If you’ve played any of the Grand Theft Auto games in the last decade and you also happen to own an iPhone, you’re likely familiar with Gameloft’s Gangstar franchise. This series of mobile crime spree simulators has just received a sequel in Gangstar Rio: City of Saints, the third entry in the series. This latest edition is a pretty solid game overall, but has some serious weaknesses holding it down.
As the title implies, Rio is our sandbox of choice this time around. Our leading man gets car bombed, losing his absolutely horrid girlfriend and most of his face in the process. After some reconstructive surgery gives him a new face, he takes on the name ‘Angel’ and tries to infiltrate his old gang to figure out what happened. The story this time around is probably the game’s biggest weakness, or at least the presentation of that story. The overly raunchy and vulgar script is full of cringe worthy lines, made worse by absolutely wooden voice acting and line delivery. There’s often a big disconnect from the story and gameplay, as your character learns about things the player never does and just magically knows where you’re supposed to go next. Some kind of text message or phone call connecting these missions together would have been nice.
Gameplay, on the other hand, is pretty well done. The combat can still feel pretty clunky, and driving can be chaotic and random, but it’s still fun to play. The sunny sandbox of Rio is more alive than ever, and randomly exploring can be fun. The missions offer a bit more variety this time around, and there are more unique environments, but most of that is just window dressing. Missions still mostly consist of “drive here, kill these dudes, drive away, likely while evading police.” Rinse and repeat. There are several control methods for driving, and surprisingly enough, the tilt controls are fairly tight and well done. Experiment and see what works for you.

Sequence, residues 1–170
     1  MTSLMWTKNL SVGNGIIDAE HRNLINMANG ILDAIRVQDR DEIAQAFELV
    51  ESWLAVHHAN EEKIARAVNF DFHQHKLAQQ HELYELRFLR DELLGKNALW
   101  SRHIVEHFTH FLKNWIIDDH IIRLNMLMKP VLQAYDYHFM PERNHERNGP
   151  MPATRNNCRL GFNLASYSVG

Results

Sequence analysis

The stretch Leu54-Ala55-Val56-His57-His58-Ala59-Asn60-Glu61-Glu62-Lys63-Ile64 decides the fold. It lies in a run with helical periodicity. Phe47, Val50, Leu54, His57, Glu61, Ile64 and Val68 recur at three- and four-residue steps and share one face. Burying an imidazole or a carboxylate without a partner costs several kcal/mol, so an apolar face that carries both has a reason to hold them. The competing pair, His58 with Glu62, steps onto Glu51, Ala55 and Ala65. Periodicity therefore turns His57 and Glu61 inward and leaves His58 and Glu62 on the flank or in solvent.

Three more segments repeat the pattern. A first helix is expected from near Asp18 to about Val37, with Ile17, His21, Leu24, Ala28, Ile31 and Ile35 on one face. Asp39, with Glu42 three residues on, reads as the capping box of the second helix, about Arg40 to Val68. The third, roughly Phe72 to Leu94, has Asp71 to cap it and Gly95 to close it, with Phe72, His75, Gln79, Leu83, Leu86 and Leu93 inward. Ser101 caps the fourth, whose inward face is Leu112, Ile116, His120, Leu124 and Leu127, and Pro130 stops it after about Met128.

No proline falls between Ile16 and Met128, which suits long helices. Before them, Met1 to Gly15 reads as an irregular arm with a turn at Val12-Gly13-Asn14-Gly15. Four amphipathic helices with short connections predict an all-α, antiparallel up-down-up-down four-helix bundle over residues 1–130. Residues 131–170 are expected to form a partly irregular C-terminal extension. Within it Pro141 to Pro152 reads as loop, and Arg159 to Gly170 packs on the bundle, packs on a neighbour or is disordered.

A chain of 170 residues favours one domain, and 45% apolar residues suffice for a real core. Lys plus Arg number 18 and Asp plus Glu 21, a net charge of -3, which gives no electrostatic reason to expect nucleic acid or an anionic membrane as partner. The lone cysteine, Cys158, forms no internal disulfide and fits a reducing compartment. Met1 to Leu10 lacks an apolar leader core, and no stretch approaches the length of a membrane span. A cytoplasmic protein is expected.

New to the series is the “Respect” leveling system. You gain respect for completing missions or causing random havoc, and eventually level up. As you level up you’ll get to upgrade Angel’s health, melee, shooting, and driving ability. You’ll also gain access to new guns and clothing items at the shops. These items are locked until you have enough respect, even if you have enough money to purchase them. This feels very limiting in a game that should put freedom up on a pedestal, and it was frustrating when a clothing shop wouldn’t sell me a pair of pants for no reason.
Graphically, this game is an improvement over its predecessors. Unfortunately, it’s really optimized for the iPhone 4S and iPad 2. If you’re playing on an older device, you’ll have to deal with some seriously bad texture pop up as items render at the last second or as cars just pop into existence. Some of the textures are pretty awful looking, but sandbox games will never have the same graphical quality that more linear games have, and a lot of it is understandable.
All in all, this is a fairly weak sequel. Fans of the series will likely enjoy it anyway, especially if they don’t care about the story. It’s not a bad game by any means, it just isn’t very polished and several aspects give the impression that there was a lack of real effort. You can hit the streets of Rio for seven dollars in this iOS universal game.
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